Ths morning we visited our local shop and PO, which is now run by volunteers. It is a mere 6 mile round trip away which is "close" in rural terms, and also has an excellent book recycling system. Several shelves of donated books are there for you to browse, and it is 25p to take a book and swop it for one of your choice, or 50p if you are empty-handed. This morning I pounced on a book titled "Daphne" sure that it must be about Daphne du Maurier, an author whose life intrigues me and whose novels were milestones along my literary quest. I was right, and better still, it involved du Maurier and her research into a book on Branwell Bronte and his personal genius. This is all wrapped up into a modern-day story, based on the true story of du Maurier's work and correspondence with a literary academic who was also fascinated by Branwell. Justine Picardie is the author and one I've not read before.
Perfect timing, given that I finished Philippa Gregory's "The Virgin's Lover" last night, glad to get to the end as I knew the real-life ending (Amy Robsart's death of a broken neck and weakened physical state from probable breast cancer) and the shadow this placed on Robert Dudley, Amy's ambitious husband. It kept him from sharing the throne with Elizabethg I. An interesting take on it, and very well-researched.
Anyway, I am now at Menabilly in my head and on familiar ground with du Maurier's psyche and her increasingly distant relationship with her husband "Boy" Browning, who had by then found himself a mistress - although the deception of his wife and family was destroying him mentally and causing a breakdown.
The Bronte details are familiar territory too, especially as I was re-reading Juliet Barker's "The Brontes: A Life in Letters" last Autumn. The Bronte family have been a passion of mine since my late teens, when I moved on from my early interest in Jane Austen. I have quite a few literary biographies about them (and many other authors) and love to discover more.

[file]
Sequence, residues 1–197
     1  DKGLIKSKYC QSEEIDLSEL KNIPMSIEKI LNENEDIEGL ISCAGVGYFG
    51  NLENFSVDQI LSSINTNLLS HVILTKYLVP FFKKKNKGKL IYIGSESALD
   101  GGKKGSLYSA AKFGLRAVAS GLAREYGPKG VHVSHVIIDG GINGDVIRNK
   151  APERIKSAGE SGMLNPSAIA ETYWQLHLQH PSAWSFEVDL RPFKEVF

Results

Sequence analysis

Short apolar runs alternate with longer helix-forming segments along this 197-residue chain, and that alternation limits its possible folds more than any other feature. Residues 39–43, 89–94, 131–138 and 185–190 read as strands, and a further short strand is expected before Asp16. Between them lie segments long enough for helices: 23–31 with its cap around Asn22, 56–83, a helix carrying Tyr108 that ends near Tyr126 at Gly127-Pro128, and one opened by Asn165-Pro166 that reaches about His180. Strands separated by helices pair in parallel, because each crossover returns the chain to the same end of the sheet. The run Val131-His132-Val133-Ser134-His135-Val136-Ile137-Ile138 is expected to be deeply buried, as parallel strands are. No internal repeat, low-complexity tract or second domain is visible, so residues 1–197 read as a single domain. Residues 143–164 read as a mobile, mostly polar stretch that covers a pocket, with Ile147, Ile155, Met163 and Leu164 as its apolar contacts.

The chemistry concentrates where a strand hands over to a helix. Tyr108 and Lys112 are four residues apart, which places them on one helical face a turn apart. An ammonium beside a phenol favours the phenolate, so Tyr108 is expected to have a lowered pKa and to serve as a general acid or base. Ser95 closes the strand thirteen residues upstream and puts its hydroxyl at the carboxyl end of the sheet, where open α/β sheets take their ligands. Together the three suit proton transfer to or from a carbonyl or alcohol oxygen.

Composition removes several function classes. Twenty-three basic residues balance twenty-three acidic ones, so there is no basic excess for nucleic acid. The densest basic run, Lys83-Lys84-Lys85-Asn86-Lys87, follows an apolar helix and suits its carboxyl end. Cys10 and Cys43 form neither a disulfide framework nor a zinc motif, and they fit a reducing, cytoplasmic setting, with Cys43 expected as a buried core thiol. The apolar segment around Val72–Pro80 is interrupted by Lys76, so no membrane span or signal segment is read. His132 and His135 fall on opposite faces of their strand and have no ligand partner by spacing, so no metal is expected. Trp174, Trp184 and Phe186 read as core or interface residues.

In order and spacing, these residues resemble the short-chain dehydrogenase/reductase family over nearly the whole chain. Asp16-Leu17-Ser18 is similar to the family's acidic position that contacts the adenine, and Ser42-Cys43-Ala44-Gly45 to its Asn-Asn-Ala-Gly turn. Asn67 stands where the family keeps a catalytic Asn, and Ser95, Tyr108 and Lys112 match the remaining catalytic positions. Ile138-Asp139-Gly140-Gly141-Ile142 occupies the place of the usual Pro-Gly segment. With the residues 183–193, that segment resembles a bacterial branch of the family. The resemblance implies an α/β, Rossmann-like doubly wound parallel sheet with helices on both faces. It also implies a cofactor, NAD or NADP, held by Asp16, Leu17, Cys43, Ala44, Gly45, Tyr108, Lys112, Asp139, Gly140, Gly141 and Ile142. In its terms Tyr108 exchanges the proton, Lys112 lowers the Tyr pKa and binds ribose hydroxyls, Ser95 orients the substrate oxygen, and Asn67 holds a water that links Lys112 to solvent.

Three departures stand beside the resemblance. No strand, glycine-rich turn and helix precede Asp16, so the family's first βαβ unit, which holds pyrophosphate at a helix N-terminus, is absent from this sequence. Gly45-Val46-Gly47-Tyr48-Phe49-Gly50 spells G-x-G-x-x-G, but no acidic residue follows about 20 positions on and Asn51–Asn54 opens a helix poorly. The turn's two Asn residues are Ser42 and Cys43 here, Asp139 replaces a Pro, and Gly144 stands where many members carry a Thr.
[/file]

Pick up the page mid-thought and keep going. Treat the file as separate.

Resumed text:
So this book had my name all over it. As I am also hock-deep in Edward Thomas books too, the sofa is getting quite crowded at the moment. Me, books, cats and sewing (for later tonight I hope). I feel a little better, but although the a/b's have kicked in, making me feel slightly better, I woke up with a desperately nasty headache first thing, and I get out of puff very easily.
Weather-wise, there is snow on the hilltops around us, but we are above the frost line and below the snow line here, but I will say it is bitterly cold outside, with a piercing East wind - the lazy sort which goes through you instead of around you. It's fair to say that we have known the house to feel warmer - average temp. in the kitchen (indeed all the house bar the sitting room) these days is about 9 degrees in the daytime. Set to get worse on Friday apparently, when strongly minus temperatures arrive from the Russian steppes, so it will be a bit like living in the Gulags then . . . Well, we survived last year without heating, though we did at least have enough to put the Hergom on in the kitchen (not that it made a great deal of difference). Perhaps we should buy a scratch card . . .